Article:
Baucus Floats Ways to Close Tax Loopholes for Overseas Businesses

Baucus: No deal on tax cuts until after Thanksgiving.
National Journal
Sarah Mimms and Billy House
Add to Briefcase
See more stories about...
Sarah Mimms and Billy House
Nov. 19, 2013, 9:31 a.m.

Sen­ate Fin­ance Com­mit­tee Chair­man Max Baucus on Tues­day un­veiled a sweep­ing pack­age of pro­posed tax-code changes tar­get­ing cor­por­a­tions that do busi­ness over­seas, in­clud­ing call­ing for a min­im­um tax on the in­come they earn world­wide.

The plan is the first of three drafts touch­ing on re­vis­ing as­pects of the tax sys­tem that Baucus is to re­lease this week. It comes after House Re­pub­lic­ans last week in­dic­ated their tax-re­form ef­forts — led by Ways and Means Com­mit­tee Chair­man Dave Camp — have been put on hold, at least for the rest of the year, and the pro­spect of any ac­tu­al move­ment to­ward a tax re­vamp soon is un­likely.

Baucus’s re­lease of his pro­pos­al for “in­ter­na­tion­al tax re­form” also fol­lows a closed-door meet­ing with oth­er sen­at­ors on the Fin­ance Com­mit­tee. It is a re­sponse to the gen­er­al no­tion that cur­rent law cre­ates too many in­cent­ives for mul­tina­tion­al cor­por­a­tions to in­vest and cre­ate jobs over­seas. About $2 bil­lion in U.S. cor­por­ate earn­ings are es­tim­ated to be parked over­seas.

The Baucus draft de­scribes some of the ob­ject­ives of the pro­pos­als, which in­clude re­du­cing in­cent­ives for U.S. and for­eign mul­tina­tion­als to in­vest in or shift profits to low-tax for­eign coun­tries; re­du­cing in­cent­ives for U.S.-based busi­nesses to move abroad; and sim­pli­fy­ing the tax rules so that firms with the most soph­ist­ic­ated tax ad­visers are not ad­vant­aged.

Un­der cur­rent law, U.S. com­pan­ies owe taxes at a full fed­er­al rate of 35 per­cent on all in­come earned world­wide. But they can de­fer U.S. tax­a­tion un­til they re­pat­ri­ate the money. Baucus’s plan to re­struc­ture the in­ter­na­tion­al tax sys­tem would lower the cor­por­ate rate by an un­spe­cified amount.

But the draft in­cludes two op­tions for tax­ing in­come from products and ser­vices sold in­to for­eign mar­kets.

One would be a min­im­um tax that im­me­di­ately taxes all such in­come at 80 per­cent of the U.S. cor­por­ate tax rate with full for­eign tax cred­its, coupled with a full ex­emp­tion for for­eign earn­ings upon re­pat­ri­ation. An­oth­er is a min­im­um tax that im­me­di­ately taxes all such in­come at 60 per­cent of the U.S. cor­por­ate rate if de­rived from act­ive busi­ness op­er­a­tions, but at the full U.S. rate if not, coupled with a full ex­emp­tion for for­eign earn­ings upon re­pat­ri­ation.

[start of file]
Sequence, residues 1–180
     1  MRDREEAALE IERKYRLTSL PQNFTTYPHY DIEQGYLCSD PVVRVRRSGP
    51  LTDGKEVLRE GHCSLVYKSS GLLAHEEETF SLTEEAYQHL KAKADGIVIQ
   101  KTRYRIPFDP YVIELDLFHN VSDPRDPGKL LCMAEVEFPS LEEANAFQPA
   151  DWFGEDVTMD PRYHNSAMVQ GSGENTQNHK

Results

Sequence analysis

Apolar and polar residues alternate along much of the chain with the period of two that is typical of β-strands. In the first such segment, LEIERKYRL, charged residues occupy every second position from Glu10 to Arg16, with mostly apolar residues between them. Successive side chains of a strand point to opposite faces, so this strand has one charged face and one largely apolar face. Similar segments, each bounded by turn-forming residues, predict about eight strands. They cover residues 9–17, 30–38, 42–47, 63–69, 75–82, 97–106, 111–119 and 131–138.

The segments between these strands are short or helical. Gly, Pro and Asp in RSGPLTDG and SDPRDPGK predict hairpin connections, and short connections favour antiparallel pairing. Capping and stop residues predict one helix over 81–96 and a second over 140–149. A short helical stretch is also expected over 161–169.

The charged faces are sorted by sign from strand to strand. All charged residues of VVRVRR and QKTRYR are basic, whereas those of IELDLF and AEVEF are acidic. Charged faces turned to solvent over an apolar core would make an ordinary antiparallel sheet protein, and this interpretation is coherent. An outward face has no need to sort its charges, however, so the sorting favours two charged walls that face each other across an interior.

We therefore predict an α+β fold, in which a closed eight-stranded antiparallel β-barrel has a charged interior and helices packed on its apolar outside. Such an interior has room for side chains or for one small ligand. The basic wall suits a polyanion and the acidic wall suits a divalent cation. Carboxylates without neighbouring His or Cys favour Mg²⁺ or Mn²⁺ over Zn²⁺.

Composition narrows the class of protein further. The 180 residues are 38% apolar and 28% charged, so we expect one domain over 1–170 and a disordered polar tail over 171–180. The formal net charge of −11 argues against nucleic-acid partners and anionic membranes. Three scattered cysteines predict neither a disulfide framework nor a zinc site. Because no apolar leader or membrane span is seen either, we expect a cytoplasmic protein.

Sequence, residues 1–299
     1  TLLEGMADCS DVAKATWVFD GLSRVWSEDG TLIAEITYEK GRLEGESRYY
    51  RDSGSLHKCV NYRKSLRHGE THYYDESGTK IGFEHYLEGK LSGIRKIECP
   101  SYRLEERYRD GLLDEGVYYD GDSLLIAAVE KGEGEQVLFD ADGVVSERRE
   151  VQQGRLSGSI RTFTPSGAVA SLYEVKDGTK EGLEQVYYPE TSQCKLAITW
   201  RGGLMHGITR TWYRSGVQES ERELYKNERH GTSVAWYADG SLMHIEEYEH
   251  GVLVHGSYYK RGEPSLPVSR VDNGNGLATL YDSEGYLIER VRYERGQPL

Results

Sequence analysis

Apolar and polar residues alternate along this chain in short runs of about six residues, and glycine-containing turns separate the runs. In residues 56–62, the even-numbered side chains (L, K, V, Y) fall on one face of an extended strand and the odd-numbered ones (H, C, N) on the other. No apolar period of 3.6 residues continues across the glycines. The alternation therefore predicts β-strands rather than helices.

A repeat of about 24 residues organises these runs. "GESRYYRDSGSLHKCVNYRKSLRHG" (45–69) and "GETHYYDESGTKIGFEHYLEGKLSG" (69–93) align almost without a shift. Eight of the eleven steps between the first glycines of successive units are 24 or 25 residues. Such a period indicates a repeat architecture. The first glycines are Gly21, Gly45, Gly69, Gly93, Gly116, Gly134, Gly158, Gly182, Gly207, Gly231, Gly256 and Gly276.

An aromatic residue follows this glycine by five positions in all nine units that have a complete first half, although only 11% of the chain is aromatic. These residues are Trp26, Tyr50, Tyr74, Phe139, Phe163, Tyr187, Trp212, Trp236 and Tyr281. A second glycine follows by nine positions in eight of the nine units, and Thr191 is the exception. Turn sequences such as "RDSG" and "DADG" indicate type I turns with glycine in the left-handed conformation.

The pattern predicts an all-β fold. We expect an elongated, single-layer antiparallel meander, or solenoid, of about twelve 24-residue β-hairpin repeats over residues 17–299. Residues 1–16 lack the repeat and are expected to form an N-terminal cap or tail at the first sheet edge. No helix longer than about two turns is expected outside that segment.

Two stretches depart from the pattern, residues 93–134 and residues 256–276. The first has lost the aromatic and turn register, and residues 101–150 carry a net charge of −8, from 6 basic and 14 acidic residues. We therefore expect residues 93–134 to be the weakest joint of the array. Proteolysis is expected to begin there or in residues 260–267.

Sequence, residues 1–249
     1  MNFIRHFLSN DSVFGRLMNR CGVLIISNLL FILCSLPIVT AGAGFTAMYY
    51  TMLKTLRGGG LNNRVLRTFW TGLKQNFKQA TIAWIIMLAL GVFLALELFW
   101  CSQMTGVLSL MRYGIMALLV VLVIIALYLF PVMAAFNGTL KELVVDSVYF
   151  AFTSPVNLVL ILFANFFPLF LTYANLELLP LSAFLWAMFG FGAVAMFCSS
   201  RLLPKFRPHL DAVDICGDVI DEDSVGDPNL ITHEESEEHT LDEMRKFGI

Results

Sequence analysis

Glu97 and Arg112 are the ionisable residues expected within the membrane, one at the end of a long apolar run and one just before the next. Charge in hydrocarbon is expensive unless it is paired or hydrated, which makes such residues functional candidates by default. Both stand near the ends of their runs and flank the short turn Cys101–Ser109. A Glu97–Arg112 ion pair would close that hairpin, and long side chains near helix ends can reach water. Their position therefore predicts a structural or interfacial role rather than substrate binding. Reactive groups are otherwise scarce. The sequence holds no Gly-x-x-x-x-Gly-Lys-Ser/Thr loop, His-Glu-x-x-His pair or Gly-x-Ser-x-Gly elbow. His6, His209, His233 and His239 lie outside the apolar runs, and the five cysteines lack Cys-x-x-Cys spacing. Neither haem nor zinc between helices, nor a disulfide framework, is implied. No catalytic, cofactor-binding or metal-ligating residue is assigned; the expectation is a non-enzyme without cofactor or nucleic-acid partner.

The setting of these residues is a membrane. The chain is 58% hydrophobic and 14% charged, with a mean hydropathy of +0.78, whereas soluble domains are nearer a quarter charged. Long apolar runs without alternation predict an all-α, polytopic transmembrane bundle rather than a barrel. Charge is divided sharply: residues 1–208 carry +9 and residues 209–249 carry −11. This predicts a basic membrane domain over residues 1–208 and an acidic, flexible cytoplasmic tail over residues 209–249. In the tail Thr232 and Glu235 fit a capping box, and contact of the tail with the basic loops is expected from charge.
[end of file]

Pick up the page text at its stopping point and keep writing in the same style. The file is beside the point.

Some cor­por­a­tions have been call­ing for a “tax-re­pat­ri­ation hol­i­day” to bring those stock­piled earn­ings parked over­seas back to the coun­try. The pro­pos­als in the draft don’t do that. But they also would make earn­ings of for­eign sub­si­di­ar­ies from peri­ods be­fore the ef­fect­ive date of the pro­pos­al that have not been sub­ject to U.S. tax sub­ject to a one-time tax at a re­duced rate of, “for ex­ample, 20 per­cent pay­able over eight years,” it says. That could pro­duce a one­time rev­en­ue shot for the U.S. Treas­ury of about $200 mil­lion, ac­cord­ing to some es­tim­ates.

The two oth­er draft pro­pos­als Baucus is ex­pec­ted to re­lease this week will touch on tax ad­min­is­tra­tion and cap­it­al-cost re­cov­ery.

Treas­ury Sec­ret­ary Jac­ob Lew said at a Wall Street Journ­al con­fer­ence Tues­day morn­ing that he had dis­cussed the draft with Baucus on Monday, and he praised the chair­man for put­ting for­ward a plan that “shares some sig­ni­fic­ant char­ac­ter­ist­ics with the pres­id­ent’s frame­work,” while in­clud­ing pro­vi­sions that he hopes will find sup­port among both Re­pub­lic­ans and Demo­crats.

Lew said that such a plan to “deal with the dis­par­ity between the U.S. and in­ter­na­tion­al tax rates” could provide a “shot in the arm” to the Amer­ic­an eco­nomy. Lew sug­ges­ted us­ing that one­time rev­en­ue to make crit­ic­al in­vest­ments in in­fra­struc­ture. “It would build a found­a­tion for a strong growth and job-cre­ation eco­nomy,” he said.

What We're Following See More »
TO BE VOTED ON NEXT MONTH
Pai Officially Announces Intent to Scrap Net Neutrality Rules
1 hours ago
THE LATEST
SAYS HE’S UNAWARE OF ACCUSATIONS
Conyers Denies Settling Harassment Claims
1 hours ago
THE LATEST
SPEAKER SAYS IN LETTER
Mugabe Resigns, Ending Impeachment Debate
1 hours ago
THE LATEST
HAITIANS TO BE MOST AFFECTED
White House to End TPS Program
2 hours ago
THE DETAILS

"The Trump administration is ending a humanitarian program that has allowed some 59,000 Haitians to live and work in the United States since an earthquake ravaged their country in 2010, Homeland Security officials said on Monday. Haitians with what is known as Temporary Protected Status will be expected to leave the United States by July 2019 or face deportation. ... About 320,000 people now benefit from the Temporary Protected Status program, which was signed into law by President George Bush in 1990."

Source:
MAKES PERMANENT A PREVIOUS INJUNCTION
Federal Judge Blocks Sanctuary Cities Order
2 hours ago
THE LATEST

"A federal judge on Monday permanently blocked President Donald Trump's executive order to cut funding from cities that limit cooperation with U.S. immigration authorities. U.S. District Court Judge William Orrick rejected the administration's argument that the executive order applies only to a relatively small pot of money and said Trump cannot set new conditions on spending approved by Congress. The judge had previously made the same arguments in a ruling that put a temporary hold on the executive order."

Source:
×
×

Welcome to National Journal!

You are currently accessing National Journal from IP access. Please login to access this feature. If you have any questions, please contact your Dedicated Advisor.

Login